Describe what you do on your farm:
We live on four acres, one acre has the house, one has the flat garden area and then we have a two-acre hill. When we moved in we were more excited about the property than the house because it’s perfect for having a garden and I had always wanted to keep goats or sheep. We always knew we would have animals up on the hill one day even though there was no fence when we moved in. We eventually got sheep a few years after we settled in and we use them mainly for pasture maintenance and fiber, no meat production yet. We grow lots of fava beans, garlic, snow peas and flowers. We raise chickens mostly for the eggs but we processed our first chicken recently so that may be something we continue to do. At this point we’re really just doing it for ourselves but eventually we may start growing things to sell. The hill behind our house used to be an orchard so we’ve been slowly accumulating fruit trees with the intent of restoring that area to it’s former glory. I’m sure that when the trees start producing we’ll have more fruit than we could ever eat ourselves.
What is your background? Have you always been in a food or Agriculture-related profession?
I’ve always been interested in animals and I studied animal behavior in graduate school. A dear aunt of mine introduced me to gardening as a youngster and I’ve been hooked ever since. Although I’m only a few generations removed from full-time farming, I don’t have any farming experience myself. It seems like a leap for me to ever consider doing it professionally. I love the aesthetic qualities of growing food as much as the practical aspects of it.
What do you see as some of the biggest challenges to your ideal ‘picture of agriculture’ in this area?
Without a doubt, I think land development is the number one obstacle for new farmers. The price of land in this region is high because of the tourist industry, so it’s not feasible for a cash-strapped new farmer to make a profit with a high mortgage to pay. The unique topography of our hilly area is also a challenge and partially responsible to the high number of small family farms in the area.
Why do you think women are the fastest growing demographic of small farmers?
Well I think the proportion of women and men is becoming more balanced in many professions now, so it makes sense that we see the same trend in farming. A common topic that is discussed among our board members is the notion of “civic agriculture” and how many women seem to be drawn to agriculture with the hope of fulfilling a meaningful role in the community. Also, I think that for some women growing food fulfills a maternal desire to provide sustenance to their family or to their community. Lastly, on a practical note, the flexibility and autonomy that farming offers could be appealing to some women.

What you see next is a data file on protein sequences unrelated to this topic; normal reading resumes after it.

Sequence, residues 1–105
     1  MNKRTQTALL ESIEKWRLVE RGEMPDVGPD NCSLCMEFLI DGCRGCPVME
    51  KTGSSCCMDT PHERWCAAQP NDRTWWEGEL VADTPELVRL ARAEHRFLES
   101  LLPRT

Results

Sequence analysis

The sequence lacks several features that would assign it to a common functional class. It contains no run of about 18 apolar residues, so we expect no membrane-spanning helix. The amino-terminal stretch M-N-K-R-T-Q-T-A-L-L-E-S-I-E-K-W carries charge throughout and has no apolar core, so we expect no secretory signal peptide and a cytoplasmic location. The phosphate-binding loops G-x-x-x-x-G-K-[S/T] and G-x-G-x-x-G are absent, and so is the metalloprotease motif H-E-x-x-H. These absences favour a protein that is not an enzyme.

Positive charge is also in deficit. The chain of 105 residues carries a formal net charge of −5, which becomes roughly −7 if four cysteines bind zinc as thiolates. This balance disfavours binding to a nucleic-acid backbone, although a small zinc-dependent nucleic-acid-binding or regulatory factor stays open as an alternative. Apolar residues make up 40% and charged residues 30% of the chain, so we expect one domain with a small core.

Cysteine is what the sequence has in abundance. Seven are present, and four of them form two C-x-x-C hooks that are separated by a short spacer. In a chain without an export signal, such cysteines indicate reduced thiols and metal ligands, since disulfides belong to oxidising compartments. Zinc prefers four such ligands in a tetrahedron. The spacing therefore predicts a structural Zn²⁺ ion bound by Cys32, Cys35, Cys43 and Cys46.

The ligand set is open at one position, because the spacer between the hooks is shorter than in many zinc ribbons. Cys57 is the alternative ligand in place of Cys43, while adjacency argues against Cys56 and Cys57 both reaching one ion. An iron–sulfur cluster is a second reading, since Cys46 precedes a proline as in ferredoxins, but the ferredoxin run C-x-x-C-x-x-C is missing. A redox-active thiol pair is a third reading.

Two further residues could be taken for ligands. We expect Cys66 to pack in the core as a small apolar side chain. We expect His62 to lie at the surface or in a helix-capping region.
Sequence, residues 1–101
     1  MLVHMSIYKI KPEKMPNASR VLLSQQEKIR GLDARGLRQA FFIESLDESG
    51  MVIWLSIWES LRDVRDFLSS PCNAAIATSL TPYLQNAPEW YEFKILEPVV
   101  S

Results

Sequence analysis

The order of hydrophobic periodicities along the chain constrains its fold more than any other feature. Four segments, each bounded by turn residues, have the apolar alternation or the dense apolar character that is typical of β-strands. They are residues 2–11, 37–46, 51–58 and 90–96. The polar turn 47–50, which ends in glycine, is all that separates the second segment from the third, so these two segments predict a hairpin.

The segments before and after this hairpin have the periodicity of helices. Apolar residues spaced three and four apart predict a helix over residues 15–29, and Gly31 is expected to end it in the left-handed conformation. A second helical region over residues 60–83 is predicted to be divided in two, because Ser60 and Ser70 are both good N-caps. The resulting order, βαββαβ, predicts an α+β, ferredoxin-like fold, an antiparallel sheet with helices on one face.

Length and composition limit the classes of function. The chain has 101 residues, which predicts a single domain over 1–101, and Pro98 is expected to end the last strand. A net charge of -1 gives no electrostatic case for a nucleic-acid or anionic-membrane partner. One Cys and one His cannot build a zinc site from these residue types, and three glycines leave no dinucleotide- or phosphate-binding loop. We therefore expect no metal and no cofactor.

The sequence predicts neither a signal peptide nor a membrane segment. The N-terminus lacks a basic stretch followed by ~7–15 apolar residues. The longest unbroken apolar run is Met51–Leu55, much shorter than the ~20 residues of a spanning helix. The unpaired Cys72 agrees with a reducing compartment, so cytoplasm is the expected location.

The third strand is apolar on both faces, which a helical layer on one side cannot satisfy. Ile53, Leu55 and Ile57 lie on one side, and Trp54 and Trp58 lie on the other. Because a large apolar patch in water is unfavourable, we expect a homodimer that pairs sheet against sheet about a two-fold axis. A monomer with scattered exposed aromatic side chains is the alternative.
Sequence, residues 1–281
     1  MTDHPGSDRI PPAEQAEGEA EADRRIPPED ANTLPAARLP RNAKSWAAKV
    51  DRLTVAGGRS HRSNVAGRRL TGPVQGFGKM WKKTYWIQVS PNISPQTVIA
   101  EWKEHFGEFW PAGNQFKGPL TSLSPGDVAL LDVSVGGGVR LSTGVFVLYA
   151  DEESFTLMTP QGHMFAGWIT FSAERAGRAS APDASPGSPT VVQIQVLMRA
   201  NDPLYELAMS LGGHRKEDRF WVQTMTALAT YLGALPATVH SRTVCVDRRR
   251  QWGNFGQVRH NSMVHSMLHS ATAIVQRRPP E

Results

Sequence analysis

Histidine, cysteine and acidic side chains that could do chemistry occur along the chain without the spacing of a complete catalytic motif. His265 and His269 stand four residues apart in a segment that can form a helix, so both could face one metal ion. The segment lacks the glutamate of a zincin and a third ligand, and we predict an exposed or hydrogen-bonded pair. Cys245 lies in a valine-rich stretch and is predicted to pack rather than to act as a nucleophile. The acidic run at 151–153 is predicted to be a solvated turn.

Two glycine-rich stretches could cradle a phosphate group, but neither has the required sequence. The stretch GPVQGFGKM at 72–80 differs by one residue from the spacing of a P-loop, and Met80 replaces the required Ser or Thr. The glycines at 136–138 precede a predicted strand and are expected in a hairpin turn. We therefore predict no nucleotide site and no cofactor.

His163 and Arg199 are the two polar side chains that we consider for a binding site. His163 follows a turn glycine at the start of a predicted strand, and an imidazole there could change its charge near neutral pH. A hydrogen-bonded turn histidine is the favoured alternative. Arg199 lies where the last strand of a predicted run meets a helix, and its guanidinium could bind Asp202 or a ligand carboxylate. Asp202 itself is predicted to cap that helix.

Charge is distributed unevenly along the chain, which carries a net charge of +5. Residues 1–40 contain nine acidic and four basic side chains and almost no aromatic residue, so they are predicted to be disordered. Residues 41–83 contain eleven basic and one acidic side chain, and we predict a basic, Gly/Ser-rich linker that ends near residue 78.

How did you get involved with BRWIA?
I moved here in 2003 to work in the Psychology Department and I’ve always had an interest in food, especially children’s health and eating. Mary Boyer, who was a board member at the time, knew that my research focused on the development of eating behavior so she nominated me to be on the board. I jumped at the opportunity because I had been looking for some significant volunteer work to do in the community. Working with BRWIA has helped bridge my personal interest in agriculture with my professional interest in understanding how eating behavior develops.
How have you been directly affected by BRWIA?
The thing that is most precious to me about Blue Ridge Women in Ag has always been the board itself. We have an incredible group of women who have been on the board and every time I’m there with them I just really enjoy being there. Even when we’re discussing something contentious, we’ve always managed to do so in a respectful manner. It’s nice to be able to spend time with other women who care about things same things I do. Professionally, BRWIA has offered me a chance to learn more about non-profit field and community development. I’ve always been an academic, a professor, so the non-profit world was completely new to me. I had never been on a board before BRWIA, so there was a steep learning curve for me. The work has been incredibly fulfilling and I feel fortunate to have been involved with this organization and to have met so many people in the farming community.
Which BRWIA service do you see as being the most beneficial?
It would have to be the Farm Tour. I started volunteering with the tour before BRWIA began hosting it. It was originally hosted by the Carolina Farm Stewardship Association and I loved volunteering with them, spending all day on the farm and learning what the farmers had to do on a daily basis. We host the farm tour because we think it has the capacity to be a powerful community builder. We hope that both the farmer and consumer are learning valuable information from one another.
Is there anything else BRWIA could do to help support women in agriculture?
Yes! And that’s the exciting part, there’s always more we can do for people. Right now we’re hosting the farm tour, offering farmer and consumer workshops, and continuing a grant program for female farmers. One area I would like to see BRWIA build is the basic support and network for female farmers. Our female farmers tell us they want to develop more skills around the business of farming, so we’re trying to offer more opportunities to address this need. I would also like if BRWIA could do more to help connect farmers with land.
BRWIA PROFILE PROJECT
Each month we do our best to profile a Woman in Agriculture in our region. These women are diverse - they have come from a variety of backgrounds and include farmers, homesteaders, and activists. They exemplify the multitude of ways women are working to connect with and change our food system.
Female Farmer Profile Project
The BRWIA Profiles evolved out of the Female Farmer Profiles which can be found archived HERE.